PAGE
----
1. Cevik M, Rasmussen AL, Bogoch II, Kindrachuk J. Acute hepatitis of unknown origin in children. BMJ. 2022;377:o1197. [ Links ]

2. World Health Organization. Acute hepatitis of unknown aetiology in children—Multi-country. Geneva:World Health Organization;2022. Available from: [ Links ]

3. World Health Organization. Disease outbreak news:Severe acute hepatitis of unknown aetiology in children–Multi-country. Geneva:World Health Organization;2022. Available from: [ Links ]

4. Baker JM, Buchfellner M, Britt W, Sanchez V, Potter JL, Ingram LA, et al. Acute hepatitis and adenovirus infection among children—Alabama, October 2021-February 2022. MMWR Morb Mortal Wkly Rep. 2022;71:638-40. [ Links ]

5. Marsh K, Tayler R, Pollock L, Roy K, Lakha F, Ho A, et al. Investigation into cases of hepatitis of unknown aetiology among young children, Scotland, 1 January 2022 to 12 April 2022. Euro Surveill. 2022;27:2200318. [ Links ]

6. UK Health Security Agency. Baillie K, Baldevarona J, Bindra R, Bradshaw D, Breuer J, Blomquiste P, et al. Investigation into acute hepatitis of unknown aetiology in children in England—technical briefing. London:UK Health Security Agency;2022. Available from: [ Links ]

7. European Centre for Disease Prevention and Control. Increase in severe acute hepatitis cases of unknown aetiology in children. Stockholm:European Centre for Disease Prevention and Control;2022. Available from: [ Links ]

8. Squires JE, Alonso EM, Ibrahim SH, Kasper V, Kehar M, Martinez M, et al. North American Society for Pediatric Gastroenterology, Hepatology, and Nutrition position paper on the diagnosis and management of pediatric acute liver failure. J Pediatr Gastroenterol Nutr. 2022;74:138-58. [ Links ]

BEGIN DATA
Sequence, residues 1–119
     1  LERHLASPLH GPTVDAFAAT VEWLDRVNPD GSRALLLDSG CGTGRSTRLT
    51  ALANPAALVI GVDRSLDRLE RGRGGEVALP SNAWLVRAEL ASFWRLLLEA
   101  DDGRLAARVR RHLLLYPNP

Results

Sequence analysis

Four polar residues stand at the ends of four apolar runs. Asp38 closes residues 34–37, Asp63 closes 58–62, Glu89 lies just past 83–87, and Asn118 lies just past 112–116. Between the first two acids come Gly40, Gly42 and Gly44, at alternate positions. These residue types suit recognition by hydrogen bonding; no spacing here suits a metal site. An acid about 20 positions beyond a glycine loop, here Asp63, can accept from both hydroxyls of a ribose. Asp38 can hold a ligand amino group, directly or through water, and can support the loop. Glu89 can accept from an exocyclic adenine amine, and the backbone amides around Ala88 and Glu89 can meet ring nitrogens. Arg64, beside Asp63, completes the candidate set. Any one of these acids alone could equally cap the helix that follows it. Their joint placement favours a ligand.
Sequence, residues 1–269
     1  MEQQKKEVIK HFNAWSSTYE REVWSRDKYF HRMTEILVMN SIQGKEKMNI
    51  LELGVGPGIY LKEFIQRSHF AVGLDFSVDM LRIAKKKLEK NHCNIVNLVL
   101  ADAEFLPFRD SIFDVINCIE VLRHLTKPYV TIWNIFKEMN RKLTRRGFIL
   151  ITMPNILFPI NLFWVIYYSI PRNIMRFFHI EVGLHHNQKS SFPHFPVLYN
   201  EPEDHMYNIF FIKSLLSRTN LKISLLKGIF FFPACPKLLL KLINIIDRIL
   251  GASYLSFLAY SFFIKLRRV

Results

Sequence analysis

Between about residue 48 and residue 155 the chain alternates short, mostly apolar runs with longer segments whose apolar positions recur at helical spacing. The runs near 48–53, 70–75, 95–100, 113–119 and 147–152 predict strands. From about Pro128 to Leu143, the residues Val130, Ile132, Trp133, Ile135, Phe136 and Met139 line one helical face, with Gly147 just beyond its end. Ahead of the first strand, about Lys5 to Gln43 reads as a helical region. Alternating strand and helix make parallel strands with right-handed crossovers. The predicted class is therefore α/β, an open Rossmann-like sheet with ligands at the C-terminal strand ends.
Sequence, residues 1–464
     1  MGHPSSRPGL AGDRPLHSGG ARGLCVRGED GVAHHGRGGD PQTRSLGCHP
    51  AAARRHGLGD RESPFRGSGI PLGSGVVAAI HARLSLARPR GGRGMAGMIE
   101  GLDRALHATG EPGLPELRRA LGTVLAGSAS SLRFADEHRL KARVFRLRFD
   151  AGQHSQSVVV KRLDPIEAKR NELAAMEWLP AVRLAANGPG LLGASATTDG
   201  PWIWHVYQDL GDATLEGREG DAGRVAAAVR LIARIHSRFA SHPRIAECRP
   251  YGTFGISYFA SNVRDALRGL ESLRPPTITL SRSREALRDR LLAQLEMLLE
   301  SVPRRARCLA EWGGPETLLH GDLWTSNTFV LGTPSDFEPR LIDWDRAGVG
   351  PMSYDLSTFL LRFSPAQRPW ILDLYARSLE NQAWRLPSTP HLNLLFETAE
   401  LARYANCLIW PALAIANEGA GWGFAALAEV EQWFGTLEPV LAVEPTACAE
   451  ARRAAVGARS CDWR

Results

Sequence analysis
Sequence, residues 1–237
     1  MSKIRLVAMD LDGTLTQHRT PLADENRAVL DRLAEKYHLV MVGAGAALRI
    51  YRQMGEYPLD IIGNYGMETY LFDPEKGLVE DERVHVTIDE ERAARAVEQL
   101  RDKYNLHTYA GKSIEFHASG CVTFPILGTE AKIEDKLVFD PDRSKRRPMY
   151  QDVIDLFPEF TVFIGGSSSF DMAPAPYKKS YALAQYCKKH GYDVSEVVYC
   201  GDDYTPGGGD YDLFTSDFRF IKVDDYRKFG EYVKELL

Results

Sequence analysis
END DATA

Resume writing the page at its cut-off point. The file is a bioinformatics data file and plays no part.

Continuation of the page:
Ethical disclosures

Protection of human and animal subjects. The authors declare that no experiments were performed on humans or animals for this study.

Confidentiality of data. The authors declare that they have followed the protocols of their work center on patient data publication.

Right to privacy and informed consent. The authors declare that no patient data appear in this article.

FundingNo funding.

Received: June 06, 2022; Accepted: July 05, 2022

* Correspondence: Rubén Peña-Vélez E-mail:

Conflicts of interest

The authors declare no conflicts of interest.

Creative Commons License Instituto Nacional de Cardiología Ignacio Chávez. Published by Permanyer. This is an open access article under the CC BY-NC-ND license